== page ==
Utah will have to suspend programs providing food stamps and Women, Infants, and Children (WIC) nutrition supplements, and halt workplace-safety inspections and vocational rehabilitation if the federal shutdown drags into November.
The Legislature's Executive Appropriations Committee heard the news Tuesday as lawmakers prepared for a special session Wednesday on dealing with continuing effects of the shutdown.
The committee sent the Legislature three bills to debate. They would:
• Spend up to $7 million more in state money to keep national parks open through Dec. 1.
• Tap state funding for school lunch programs if federal money evaporates.
• Pay insurance and benefits for state employees furloughed because federal funds for programs they oversee have disappeared.
"The food stamp program is scheduled to run out at the end of the month" if the shutdown continues, Juliette Tennert, chief economist for the Governor's Office of Management and Budget, told the committee.
That means 100,000 low-income households in Utah would lose benefits, added Geoffrey Landward, deputy director of the Utah Department of Workforce Services.
The WIC program, which serves 66,000 Utahns with food and nutrition education, would run out of money again Nov. 1, said Shari Watkins, Utah Department of Health finance director. WIC closed temporarily when the shutdown started, but a federal grant helped reopen it through October.
Even if the program closes then, Watkins said WIC would use reserve funds through the end of November to provide special prescription formula needed by some babies.
But most recipients would have to turn to food banks, churches and charities for food aid.
"To put 66,000 individuals [now on WIC] out there to churches and food banks is a huge blow," lamented Sen. Pat Jones, D-Holladay.
Utah Labor Commissioner Sherrie Hayashi said her department will cease workplace-safety inspections about Nov. 4. "That sickens me beyond belief," said Sen. Karen Mayne, D-West Valley City.
Other programs will be affected soon.
One determines whether people qualify for Supplemental Security Income and related disability payments.
It is targeted to shut down about Oct. 25. A vocational-rehabilitation program serving 20,000 people would close Nov. 8, officials said.
Lawmakers also worry about federally funded children's nutrition programs that offer lunches at schools, day-care centers and preschools.
While federal officials say funding is secure, State Schools Superintendent Martell Menlove hedged "we haven't seen the money yet."
So the committee backed HB2002 to use state funds to keep that program going "just in case," said House Majority Leader Brad Dee, R-Ogden.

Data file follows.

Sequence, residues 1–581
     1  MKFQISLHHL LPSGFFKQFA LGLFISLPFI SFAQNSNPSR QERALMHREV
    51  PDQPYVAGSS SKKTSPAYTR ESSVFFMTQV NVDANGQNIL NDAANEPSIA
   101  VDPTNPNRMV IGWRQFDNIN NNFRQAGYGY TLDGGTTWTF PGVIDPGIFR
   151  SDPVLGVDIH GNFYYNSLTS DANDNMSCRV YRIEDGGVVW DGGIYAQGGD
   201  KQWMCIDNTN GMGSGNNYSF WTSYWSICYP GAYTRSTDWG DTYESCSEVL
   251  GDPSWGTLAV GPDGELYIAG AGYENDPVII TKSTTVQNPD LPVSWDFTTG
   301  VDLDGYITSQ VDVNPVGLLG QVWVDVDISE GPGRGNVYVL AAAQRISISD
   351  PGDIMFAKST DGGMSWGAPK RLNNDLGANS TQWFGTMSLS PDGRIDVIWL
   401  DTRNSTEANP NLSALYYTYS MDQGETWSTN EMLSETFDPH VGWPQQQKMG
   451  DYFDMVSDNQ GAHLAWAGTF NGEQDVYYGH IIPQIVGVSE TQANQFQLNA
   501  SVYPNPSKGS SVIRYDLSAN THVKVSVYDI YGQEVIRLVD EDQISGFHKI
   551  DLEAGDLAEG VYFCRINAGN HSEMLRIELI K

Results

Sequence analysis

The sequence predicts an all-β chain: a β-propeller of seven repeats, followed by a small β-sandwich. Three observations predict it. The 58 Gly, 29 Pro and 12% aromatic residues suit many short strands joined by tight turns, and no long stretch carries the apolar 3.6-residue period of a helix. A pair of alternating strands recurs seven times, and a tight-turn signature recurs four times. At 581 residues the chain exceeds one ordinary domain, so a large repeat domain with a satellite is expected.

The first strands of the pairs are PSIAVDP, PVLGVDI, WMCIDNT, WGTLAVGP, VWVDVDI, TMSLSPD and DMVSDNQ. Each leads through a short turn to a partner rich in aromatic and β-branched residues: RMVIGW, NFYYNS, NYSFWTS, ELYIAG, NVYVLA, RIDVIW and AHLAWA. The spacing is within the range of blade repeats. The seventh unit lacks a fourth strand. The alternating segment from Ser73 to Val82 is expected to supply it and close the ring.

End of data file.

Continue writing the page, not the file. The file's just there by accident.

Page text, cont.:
The committee also endorsed HB2001 to continue to pay for insurance and holiday-leave benefits for furloughed state employees.
The state estimates about 625 could be furloughed by month's end, including 181 of the Utah National Guard's 250 full-time employees, said Adjutant General Dallen Atack.
The committee also endorsed SB2001, which would retroactively OK the state's payment of $1.66 million to reopen Utah's national parks and would spend up to $7 million more to keep them open through Dec. 1.
Sen. Stuart Adams, R-Layton, said the $1.66 million expenditure has generated $12.7 million to $33.3 million in state gross domestic product through tourism.
"The tax revenue [alone] for the state is anywhere between $600,000 and $1.5 million," he said.
"We're trying to maintain our economy," Adams added. "We need to send a message to those who want to come to the state that we are open for business."
After Oct. 28, he said, the state will send only weekly payments to the federal government for the parks rather than the whole amount up front and allow legislative leaders to halt payments when conditions warrant.
While Utah officials hope to be reimbursed by the feds for opening the parks, no guarantee exists. "If Congress appropriates the funding, then we will be repaid.
But that's a big if," said legislative fiscal analyst Jonathan Ball.
Rep. Rebecca Chavez-Houck, D-Salt Lake City, wondered what state programs would be hurt by spending state money for national parks. None, she was told, because the money comes from a Sovereign Lands Management Account, which has a $24 million surplus.
Funded by commercial operations on the Great Salt Lake, such as mineral extraction or brine shrimp harvests, the account helps fund state management of public lands.
Officials figure $8.7 million could be taken from that fund for national parks an amount that would take five years to replace without federal reimbursement.